Here we report a 6-year-old boy presenting growth retardation, dysmorphic features and who exhibited learning difficulties. Fluorescence in situ hybridization (FISH) analysis of the proband revealed a deletion of DiGeorge Syndrome critical region (TUPLE). Array-CGH analysis revealed an interstitial duplication of 12 Mb in size in the area 15q11.2-q13.3, combined with a 3.2 Mb deletion at region 22q11.1-q11.21. FISH analysis in the mother showed a cryptic balanced translocation between chromosome 15 and chromosome 22 (not evident by classic karyotyping).
The clinical manifestations could be related to both syndromes and the importance of array-CGH analysis in cases of unexplained developmental delay is emphasized. The present case further demonstrates how molecular cytogenetic techniques applied in the parents were necessary for the genetic counseling of the family.
Both Miller-Dieker syndrome and isolated lissencephaly sequence are associated with classical lissencephaly. Both have been shown to be associated with deletions and mutations in LIS1 on 17p. Traditionally, the two disorders have been distinguished by the presence of a characteristic facial appearance in Miller-Dieker syndrome. The forehead is tall and prominent and may have vertical furrowing. There is narrowing at the temples. Eyes are widely spaced with upward slanting fissures. The nose is very short with anteverted nares. The upper lip is long, wide, and thick. The ears may have minor flattening of the helices. By contrast, these features are not seen in isolated lissencephaly sequence. We have measured five children with Miller-Dieker syndrome (MDS) and 25 children and adolescents with isolated lissencephaly sequence (ILS). Z score (standard deviation score) pattern profiles have been formulated and compared. Patients with ILS at all ages show reduced head circumference, a round head, and a wide and flat face with a broad nose and widely spaced eyes. The most unexpected finding is the similarity of pattern profiles of ILS and MDS in the age group 6 months to 4 years. Correlation coefficient is 0.812 (p<0.001). In MDS there are a few distinguishing features, including brachycephaly, a slightly wider face, and a considerably shorter nose. Given the striking similarity of these objective pattern profiles, it seems likely that the principal diagnostic discriminators are qualitative features, specifically the tall, furrowed forehead and the long, broad, thickened upper lip, which is so thick that the vermilion border of the upper lip is inverted and angled down.
The 22q13.3 deletion syndrome (MIM 606232) is characterised by neonatal hypotonia, normal to accelerated growth, absent to severely delayed speech, global developmental delay, and minor dysmorphic facial features. We report the molecular characterisation of the deletion breakpoint in two unrelated chromosome 22q13.3 deletion cases.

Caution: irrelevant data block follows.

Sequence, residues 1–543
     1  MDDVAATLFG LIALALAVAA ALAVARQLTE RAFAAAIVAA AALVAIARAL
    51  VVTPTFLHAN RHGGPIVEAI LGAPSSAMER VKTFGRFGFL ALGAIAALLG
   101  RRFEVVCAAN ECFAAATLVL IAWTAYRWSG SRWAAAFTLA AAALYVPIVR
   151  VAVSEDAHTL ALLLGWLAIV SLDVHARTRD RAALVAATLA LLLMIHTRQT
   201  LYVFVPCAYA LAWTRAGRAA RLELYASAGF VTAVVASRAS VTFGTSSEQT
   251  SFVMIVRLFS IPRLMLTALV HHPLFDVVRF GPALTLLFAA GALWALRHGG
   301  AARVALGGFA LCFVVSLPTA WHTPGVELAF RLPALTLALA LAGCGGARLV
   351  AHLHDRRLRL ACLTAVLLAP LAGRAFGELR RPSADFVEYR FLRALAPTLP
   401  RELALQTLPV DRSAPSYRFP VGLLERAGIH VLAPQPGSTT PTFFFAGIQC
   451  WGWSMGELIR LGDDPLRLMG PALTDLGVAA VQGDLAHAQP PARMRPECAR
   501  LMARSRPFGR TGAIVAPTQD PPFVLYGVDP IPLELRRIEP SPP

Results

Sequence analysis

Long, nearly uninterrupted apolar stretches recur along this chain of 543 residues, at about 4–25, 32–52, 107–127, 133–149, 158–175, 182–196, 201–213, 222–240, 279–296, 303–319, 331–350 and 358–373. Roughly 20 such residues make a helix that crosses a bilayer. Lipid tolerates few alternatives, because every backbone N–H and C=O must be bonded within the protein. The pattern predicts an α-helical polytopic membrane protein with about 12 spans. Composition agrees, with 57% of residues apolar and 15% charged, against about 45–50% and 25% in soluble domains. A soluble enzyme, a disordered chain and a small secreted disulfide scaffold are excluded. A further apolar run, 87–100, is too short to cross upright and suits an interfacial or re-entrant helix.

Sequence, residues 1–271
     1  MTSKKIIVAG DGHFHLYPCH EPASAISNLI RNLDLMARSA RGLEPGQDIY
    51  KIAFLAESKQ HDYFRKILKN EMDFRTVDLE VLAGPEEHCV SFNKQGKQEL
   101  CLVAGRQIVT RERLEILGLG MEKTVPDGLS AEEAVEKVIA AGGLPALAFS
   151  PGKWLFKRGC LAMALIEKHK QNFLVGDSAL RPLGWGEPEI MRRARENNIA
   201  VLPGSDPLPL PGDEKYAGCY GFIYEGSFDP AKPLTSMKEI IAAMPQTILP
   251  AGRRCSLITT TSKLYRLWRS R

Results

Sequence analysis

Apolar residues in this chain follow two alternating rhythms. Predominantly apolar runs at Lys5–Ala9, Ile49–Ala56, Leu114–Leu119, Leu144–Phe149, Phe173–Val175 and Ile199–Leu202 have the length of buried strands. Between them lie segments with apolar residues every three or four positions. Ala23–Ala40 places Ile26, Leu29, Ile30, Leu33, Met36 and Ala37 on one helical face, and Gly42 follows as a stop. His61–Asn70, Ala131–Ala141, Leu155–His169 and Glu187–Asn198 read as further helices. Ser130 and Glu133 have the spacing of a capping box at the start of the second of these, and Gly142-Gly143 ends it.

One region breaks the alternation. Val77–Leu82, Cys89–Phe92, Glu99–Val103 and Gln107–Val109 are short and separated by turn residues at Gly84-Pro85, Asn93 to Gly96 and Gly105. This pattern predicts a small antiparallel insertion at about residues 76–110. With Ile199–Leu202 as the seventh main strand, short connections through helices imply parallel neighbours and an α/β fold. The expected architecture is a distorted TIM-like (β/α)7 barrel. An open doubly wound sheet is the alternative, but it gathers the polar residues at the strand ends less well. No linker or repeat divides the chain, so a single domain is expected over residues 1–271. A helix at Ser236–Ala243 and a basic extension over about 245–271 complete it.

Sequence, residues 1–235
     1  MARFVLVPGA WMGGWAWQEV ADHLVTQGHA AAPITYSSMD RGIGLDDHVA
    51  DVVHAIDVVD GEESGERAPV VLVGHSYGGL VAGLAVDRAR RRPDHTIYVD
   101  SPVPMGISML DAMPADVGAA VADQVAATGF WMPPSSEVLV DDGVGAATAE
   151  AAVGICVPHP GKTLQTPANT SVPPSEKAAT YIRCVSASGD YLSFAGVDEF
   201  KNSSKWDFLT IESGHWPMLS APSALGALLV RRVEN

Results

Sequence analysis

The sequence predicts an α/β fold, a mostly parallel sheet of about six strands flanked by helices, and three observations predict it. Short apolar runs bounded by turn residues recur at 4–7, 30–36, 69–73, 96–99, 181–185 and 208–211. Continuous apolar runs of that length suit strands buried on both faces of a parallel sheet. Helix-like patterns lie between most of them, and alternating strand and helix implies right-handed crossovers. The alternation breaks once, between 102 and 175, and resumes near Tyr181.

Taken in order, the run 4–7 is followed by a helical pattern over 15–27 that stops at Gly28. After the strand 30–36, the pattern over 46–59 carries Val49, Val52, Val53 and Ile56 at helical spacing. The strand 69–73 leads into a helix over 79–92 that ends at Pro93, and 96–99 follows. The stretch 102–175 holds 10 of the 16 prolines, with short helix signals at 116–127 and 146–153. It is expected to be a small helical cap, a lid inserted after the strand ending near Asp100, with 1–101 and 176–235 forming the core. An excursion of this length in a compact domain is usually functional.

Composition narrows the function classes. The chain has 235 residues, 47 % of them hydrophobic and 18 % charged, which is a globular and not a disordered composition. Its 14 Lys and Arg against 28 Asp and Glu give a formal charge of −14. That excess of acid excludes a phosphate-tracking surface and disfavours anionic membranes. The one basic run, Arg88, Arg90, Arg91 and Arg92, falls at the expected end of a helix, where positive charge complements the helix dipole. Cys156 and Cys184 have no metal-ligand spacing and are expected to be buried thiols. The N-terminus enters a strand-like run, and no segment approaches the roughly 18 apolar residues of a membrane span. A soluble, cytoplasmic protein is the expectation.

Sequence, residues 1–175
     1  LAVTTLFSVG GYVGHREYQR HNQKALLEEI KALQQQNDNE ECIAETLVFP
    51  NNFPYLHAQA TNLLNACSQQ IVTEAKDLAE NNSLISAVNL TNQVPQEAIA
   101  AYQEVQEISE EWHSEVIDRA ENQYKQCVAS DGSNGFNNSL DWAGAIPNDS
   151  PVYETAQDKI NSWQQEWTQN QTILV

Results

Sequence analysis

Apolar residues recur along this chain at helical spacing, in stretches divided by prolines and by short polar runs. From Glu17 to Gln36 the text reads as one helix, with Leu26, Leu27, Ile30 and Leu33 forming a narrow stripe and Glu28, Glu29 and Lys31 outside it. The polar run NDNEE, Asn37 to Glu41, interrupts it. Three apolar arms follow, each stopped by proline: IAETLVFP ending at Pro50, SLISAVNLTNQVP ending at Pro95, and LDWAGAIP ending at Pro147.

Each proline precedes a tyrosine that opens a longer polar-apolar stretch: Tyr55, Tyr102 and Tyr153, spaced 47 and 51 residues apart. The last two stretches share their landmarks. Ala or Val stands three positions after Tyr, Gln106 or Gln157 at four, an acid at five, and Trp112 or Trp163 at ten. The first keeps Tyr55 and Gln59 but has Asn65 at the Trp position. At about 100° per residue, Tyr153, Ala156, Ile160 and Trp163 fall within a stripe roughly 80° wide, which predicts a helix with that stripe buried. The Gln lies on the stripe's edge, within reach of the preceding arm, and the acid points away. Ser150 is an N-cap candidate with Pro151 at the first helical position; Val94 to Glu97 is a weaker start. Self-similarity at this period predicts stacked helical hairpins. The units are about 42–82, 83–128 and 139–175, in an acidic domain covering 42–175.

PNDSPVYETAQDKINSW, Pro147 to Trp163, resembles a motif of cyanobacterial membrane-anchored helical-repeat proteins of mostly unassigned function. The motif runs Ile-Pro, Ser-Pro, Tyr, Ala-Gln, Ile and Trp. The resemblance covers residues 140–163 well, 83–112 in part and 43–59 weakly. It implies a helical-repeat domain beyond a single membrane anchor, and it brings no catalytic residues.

The deletions were characterised by FISH, checked for other abnormalities by array‐CGH, and confirmed by Real‐Time PCR, and finally the breakpoints were cloned, sequenced, and compared.
Both cases show the cardinal features of the 22q13.3 deletion syndrome associated with a deletion involving the last 100 kb of chromosome 22q13.3. The cases show a breakpoint within the same 15 bp repeat unit, overlapping the results obtained by Wong and colleagues in 1997 and suggesting that a recurrent deletion breakpoint exists within the SHANK3 gene. The direct repeat involved in these 22q13 deletion cases is presumably able to form slipped (hairpin) structures, but it also has a strong potential for forming tetraplex structures.
Three cases with a common breakpoint within SHANK3 share a number of common phenotypic features, such as mental retardation and developmental delay with severely delayed or absent expressive speech. The two cases presented here, having a deletion partially overlapping the commercial subtelomeric probe, highlight the difficulties in interpreting FISH results and suggest that many similar cases may be overlooked.
22q13 deletion syndrome; FISH; recurrent deletion;
; subtelomeric deletion
LIS1 (PAFAH1B1) mutation can impair neuronal migration, causing lissencephaly in humans. LIS1 loss is associated with dynein protein motor dysfunction, and disrupts the actin cytoskeleton through disregulated RhoGTPases. Recently, LIS1 was implicated as an important protein-network interaction node with high-risk autism spectrum disorder genes expressed in the synapse. How LIS1 might participate in this disorder has not been investigated. We examined the role of LIS1 in synaptogenesis of post-migrational neurons and social behaviour in mice. Two-photon imaging of actin-rich dendritic filopodia and spines in vivo showed significant reductions in elimination and turnover rates of dendritic protrusions of layer V pyramidal neurons in adolescent Lis1+/− mice. Lis1+/− filopodia on immature hippocampal neurons in vitro exhibited reduced density, length and RhoA dependent impaired dynamics compared to Lis1+/+. Moreover, Lis1+/− adolescent mice exhibited deficits in social interaction. Lis1 inactivation restricted to the postnatal hippocampus resulted in similar deficits in dendritic protrusion density and social interactions. Thus, LIS1 plays prominently in dendritic filopodia dynamics and spine turnover implicating reduced dendritic spine plasticity as contributing to developmental autistic-like behaviour.